Over 500 deaths in England last year after long ambulance waits | NHS

More than 500 seriously ill patients died last year before they could receive treatment at the hospital after the ambulance they called arrived within 15 hours, according to an investigation by the Guardian.

Among the fatalities were people who had suffered a stroke or heart attack, whose breathing suddenly collapsed or who were involved in a traffic collision. In each case, it took significantly longer for the ambulance crew to arrive than the NHS’s target time to respond to the emergency.

At least 511 people have died in England in such circumstances after a 999 call in 2022, according to figures provided by NHS Ambulance Funds and the results of coroners’ inquests.

Such tragedies are becoming more common as large numbers of ambulances are stranded outside hospitals, unable to unload their patients to staff in overcrowded emergency departments. The 511 deaths were more than double the 220 known comparable deaths that occurred in 2021.

Bereaved relatives told how the pain of losing a loved one was compounded by the ambulance crew who took so long to arrive and begin treatment. Coroners, senior doctors and ambulance staff say the scale of loss of life illustrates the increasing risks to patients from the implosion of NHS urgent and emergency services.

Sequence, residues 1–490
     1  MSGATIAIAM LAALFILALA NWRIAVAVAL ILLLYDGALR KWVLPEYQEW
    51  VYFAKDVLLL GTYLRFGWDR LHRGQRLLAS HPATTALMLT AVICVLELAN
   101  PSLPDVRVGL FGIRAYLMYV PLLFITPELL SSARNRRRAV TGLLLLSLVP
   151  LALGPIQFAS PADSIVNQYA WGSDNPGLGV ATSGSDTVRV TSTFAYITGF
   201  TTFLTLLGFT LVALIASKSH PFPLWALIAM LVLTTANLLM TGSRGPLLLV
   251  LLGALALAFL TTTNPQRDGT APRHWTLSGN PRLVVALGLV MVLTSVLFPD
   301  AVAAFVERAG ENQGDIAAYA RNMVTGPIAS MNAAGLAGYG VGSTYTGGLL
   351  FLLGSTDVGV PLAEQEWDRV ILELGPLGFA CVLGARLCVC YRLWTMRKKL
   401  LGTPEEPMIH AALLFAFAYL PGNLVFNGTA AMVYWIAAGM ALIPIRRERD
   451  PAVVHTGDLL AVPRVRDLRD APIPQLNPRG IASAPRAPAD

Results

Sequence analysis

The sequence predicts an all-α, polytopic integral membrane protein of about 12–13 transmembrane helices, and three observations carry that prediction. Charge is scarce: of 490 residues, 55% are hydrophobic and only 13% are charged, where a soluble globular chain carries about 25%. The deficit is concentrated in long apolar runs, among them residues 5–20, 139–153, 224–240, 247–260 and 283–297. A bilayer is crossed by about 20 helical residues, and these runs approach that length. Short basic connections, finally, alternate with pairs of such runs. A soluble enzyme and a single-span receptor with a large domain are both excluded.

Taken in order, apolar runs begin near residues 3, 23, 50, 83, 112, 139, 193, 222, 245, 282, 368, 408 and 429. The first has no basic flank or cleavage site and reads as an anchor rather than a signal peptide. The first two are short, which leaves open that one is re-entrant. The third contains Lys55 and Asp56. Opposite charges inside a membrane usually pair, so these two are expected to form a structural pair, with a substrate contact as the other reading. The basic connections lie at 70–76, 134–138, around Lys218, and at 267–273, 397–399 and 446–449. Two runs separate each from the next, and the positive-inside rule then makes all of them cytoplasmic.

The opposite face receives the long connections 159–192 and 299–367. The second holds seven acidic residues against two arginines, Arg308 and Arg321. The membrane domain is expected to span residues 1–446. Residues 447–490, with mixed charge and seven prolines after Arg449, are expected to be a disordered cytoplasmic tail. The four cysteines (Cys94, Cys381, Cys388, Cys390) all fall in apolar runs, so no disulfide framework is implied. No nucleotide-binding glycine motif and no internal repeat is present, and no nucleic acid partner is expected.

“The more than 500 deaths a year when an ambulance doesn’t arrive on time is tragic and avoidable,” said Dr Adrian Boyle, president of the Royal College of Emergency Medicine, which represents A&E doctors. “These figures are deeply disturbing. It’s the equivalent of a lot of passenger planes crashing.”


Rita Taylor, who was 84, died at home in Milton Keynes last October after falling at home, hitting her head and experiencing a brain bleed. The inquest into her death found that the ambulance was called at 10.28am and “due to lack of funds, did not arrive until 5.17pm” – almost seven hours later.

Tom Osborne, the Milton Keynes coroner, concluded: “Delays in dispatching an ambulance meant that many opportunities to be admitted to hospital and treated were missed.” He was so concerned about the ambulance delay that he issued a Prevention of Future Deaths (PFD) report – a legal warning – to NHS Minister Will Quince and South Central Ambulance Service.

The 511 deaths the Guardian found occurred last year after delayed ambulance response, possibly an underestimate of the true number. Only three of England’s 10 regional ambulance services have provided full-year figures for the last two years, as requested.

We obtained data on four other persons in management files. Three others – London, East Midlands and East of England Ambulance Service – have not provided and are not releasing any figures on such deaths, despite all 10 trusts being required to do so every quarter to improve care.

The North East Ambulance Service (NEAS) recorded 248 deaths last year where its crews were unable to respond in time to patients deemed a Category 1 or Category 2 emergency. This is more than double the 122 deaths caused by “delayed response” ambulances” in 2021

Ambulances are expected to respond to Category 1 calls within seven minutes and Category 2 calls within 18 minutes. When Aaron Morris, 31, was involved in a motorcycle accident in County Durham last July, it took 49 minutes and 49 seconds for NEAS to respond, despite six different calls for urgent help.